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Muddy exterior

Muddy Waters, the New Orleans style restaurant in Thornton Park, has closed. It closed Friday, according to Todd Ulmer of Beacon Hill Group.

The space has been taken over by the owners of the Stubborn Mule, a bar and restaurant acrossSouth  Eola Drive in the Sanctuary condominium building. Brian Buttner and his business partner, Jonathan Canonaco, plan to open a new concept called the Menagerie Eatery and Bar. Buttner said they plan to have a soft opening as early as next week.

They have also acquired the Mucho liquor store and will replace that with a bar called the Broken Cage.

Muddy Waters opened just last year, in June, and was a partnership between Beacon Hill Group, which operates a number of successful downtown bars, and the then owners of Two Chefs Seafood & Oyster Bar in the North Quarter, Bernard Carmouche and Larry Sinabaldi.

Shortly after Muddy Waters opened, Carmouche and Sinabaldi closed Two Chefs and dissolved their partnership; Carmouche continued as the chef/partner at Muddy Waters.

Carmouche on Sunday said that the restaurant closed because "We got an offer we couldn't refuse." Reached by phone, Ulmer, whose group also owned Mucho Tequila & Taco Bar that occupied the space before Muddy Waters, said, "We've spent a long time there and we're ready to move on. We were offered money by the Stubborn Mule group and we accepted their offer."

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Thermador top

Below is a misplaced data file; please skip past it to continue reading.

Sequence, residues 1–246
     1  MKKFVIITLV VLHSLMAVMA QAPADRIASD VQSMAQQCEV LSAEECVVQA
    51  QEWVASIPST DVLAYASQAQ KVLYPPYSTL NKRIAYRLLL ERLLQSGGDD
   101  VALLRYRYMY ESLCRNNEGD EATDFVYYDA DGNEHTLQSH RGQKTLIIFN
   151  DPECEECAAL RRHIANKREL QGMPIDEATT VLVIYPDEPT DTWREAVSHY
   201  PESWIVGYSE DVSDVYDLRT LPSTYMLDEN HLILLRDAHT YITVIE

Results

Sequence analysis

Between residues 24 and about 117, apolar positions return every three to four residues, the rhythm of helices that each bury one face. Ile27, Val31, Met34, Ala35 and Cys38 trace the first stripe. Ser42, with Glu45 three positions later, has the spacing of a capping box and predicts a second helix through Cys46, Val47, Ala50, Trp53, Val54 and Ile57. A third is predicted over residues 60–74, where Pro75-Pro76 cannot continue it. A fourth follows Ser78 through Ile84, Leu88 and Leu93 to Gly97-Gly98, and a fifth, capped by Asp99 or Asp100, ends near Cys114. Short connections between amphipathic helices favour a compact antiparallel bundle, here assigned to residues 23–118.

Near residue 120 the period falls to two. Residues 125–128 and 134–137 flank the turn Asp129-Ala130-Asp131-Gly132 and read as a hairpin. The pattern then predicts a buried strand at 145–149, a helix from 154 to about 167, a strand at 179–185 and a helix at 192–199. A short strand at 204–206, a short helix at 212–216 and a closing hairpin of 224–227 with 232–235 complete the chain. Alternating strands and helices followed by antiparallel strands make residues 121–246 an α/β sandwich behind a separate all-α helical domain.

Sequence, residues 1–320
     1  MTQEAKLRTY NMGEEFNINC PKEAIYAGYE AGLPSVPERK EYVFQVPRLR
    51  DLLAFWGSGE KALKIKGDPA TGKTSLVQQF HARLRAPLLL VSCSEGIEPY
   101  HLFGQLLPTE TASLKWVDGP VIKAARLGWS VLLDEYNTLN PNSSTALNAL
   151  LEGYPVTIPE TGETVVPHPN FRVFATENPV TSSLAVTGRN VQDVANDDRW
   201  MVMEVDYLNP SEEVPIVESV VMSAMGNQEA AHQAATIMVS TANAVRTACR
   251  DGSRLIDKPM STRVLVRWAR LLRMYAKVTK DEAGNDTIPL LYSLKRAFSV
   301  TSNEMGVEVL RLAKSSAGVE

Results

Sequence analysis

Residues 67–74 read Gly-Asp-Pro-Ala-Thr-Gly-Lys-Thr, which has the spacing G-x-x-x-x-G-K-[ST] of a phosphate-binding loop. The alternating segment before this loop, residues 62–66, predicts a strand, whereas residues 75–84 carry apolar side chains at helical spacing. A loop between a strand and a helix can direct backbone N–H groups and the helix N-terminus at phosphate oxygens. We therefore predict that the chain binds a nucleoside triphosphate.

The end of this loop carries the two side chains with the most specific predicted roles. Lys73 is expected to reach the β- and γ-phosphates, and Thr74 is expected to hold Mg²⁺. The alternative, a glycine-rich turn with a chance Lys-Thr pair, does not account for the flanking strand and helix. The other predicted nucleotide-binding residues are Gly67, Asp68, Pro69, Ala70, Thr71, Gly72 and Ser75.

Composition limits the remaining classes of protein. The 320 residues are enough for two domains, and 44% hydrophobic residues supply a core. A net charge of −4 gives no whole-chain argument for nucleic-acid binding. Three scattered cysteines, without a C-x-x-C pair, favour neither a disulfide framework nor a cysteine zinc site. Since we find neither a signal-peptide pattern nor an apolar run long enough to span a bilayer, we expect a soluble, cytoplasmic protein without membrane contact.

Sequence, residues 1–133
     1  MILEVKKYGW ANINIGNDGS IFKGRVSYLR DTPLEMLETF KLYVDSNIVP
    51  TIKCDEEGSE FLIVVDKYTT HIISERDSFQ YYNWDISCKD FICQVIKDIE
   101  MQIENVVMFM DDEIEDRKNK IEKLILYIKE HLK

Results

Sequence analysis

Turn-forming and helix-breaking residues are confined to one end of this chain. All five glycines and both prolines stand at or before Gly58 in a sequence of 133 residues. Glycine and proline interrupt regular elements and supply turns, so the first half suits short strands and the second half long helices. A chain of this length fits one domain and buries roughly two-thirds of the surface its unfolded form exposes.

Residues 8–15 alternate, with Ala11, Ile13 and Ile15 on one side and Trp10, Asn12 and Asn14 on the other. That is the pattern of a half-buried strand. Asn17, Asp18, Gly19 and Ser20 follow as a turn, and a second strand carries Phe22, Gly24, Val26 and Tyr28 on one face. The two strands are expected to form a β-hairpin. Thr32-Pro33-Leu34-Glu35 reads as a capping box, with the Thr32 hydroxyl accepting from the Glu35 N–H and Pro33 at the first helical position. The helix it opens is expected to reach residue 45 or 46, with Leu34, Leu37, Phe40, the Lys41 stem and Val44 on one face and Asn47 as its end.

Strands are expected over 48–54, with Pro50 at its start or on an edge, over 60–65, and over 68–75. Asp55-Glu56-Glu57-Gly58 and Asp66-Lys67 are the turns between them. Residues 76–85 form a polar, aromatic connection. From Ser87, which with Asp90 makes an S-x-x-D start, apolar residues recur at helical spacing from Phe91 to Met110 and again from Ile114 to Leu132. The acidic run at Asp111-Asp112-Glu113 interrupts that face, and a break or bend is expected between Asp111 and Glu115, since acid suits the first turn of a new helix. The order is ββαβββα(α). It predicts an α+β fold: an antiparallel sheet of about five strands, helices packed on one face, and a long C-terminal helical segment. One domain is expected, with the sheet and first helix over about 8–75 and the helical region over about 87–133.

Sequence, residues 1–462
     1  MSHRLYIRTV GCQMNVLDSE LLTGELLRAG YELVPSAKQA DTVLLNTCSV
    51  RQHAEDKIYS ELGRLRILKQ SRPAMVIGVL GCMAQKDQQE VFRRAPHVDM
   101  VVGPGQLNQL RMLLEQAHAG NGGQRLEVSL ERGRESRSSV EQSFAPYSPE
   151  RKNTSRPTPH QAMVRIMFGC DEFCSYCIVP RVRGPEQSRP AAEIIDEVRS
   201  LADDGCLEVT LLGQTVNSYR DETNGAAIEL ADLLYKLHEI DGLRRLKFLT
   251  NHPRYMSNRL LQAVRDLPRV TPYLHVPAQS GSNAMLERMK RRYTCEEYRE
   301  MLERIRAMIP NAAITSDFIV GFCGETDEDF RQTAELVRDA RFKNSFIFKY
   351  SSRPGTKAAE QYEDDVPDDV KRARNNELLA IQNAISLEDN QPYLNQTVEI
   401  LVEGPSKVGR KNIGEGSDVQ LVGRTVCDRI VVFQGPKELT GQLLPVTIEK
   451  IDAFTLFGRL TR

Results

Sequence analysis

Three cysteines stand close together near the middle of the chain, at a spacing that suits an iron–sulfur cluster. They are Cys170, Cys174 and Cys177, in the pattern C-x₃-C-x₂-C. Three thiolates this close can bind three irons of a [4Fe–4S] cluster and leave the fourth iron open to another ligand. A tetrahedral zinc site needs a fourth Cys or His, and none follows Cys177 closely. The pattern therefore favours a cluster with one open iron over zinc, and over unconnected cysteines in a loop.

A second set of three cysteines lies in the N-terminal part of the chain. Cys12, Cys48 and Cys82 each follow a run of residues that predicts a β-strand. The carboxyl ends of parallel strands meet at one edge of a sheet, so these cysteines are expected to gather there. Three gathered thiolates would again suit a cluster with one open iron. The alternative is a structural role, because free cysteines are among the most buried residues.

I have gas!

OK, OK, get all your restaurant critic wisecracks out of your system.

I have for most of my adult life lived in houses that did not have access to natural gas. So that meant cooking on electric stovetops. For the past 14 years, my stovetop had the kind of electric coils that never seem to be seated properly. I don't think any of them were level. I hated them.

I also hated the unresponsiveness of electric. If a pot starts to boil over and you turn down the heat, it takes a while for the bubbling to subside. You usually have to lift the pot off the burner until it reaches the lower temperature.

With gas, the change is more responsive. What's more, you can see the flame under the pot to know just how much heat is being applied. So for most of my life I've lusted after friends who had natural gas to cook with. (I didn't envy the propaners I know, but that's another story.)

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Homestead table

If you were at the first-ever Homestead Harvest last year, then you're as excited as I am that the event is coming up again soon.

The second annual Homestead Harvest will occur Friday, October 26, at 7 p.m. It's hosted by chef Scott Pizzo of Highball & Harvest and benefits Fleet Farming and Frog Song Organics' Free Mulch Incorporated program.

What sets this event apart from other walkabout food and beverage functions is the setting. It takes place on the grounds of Grande Lakes' Whisper Creek Farm, so there's a real out-in-the-woods feel to the setting. As the sun goes down, the bucolic setting is illuminated by strings of lights, bright artificial moons and the glow of fires the chefs cook over.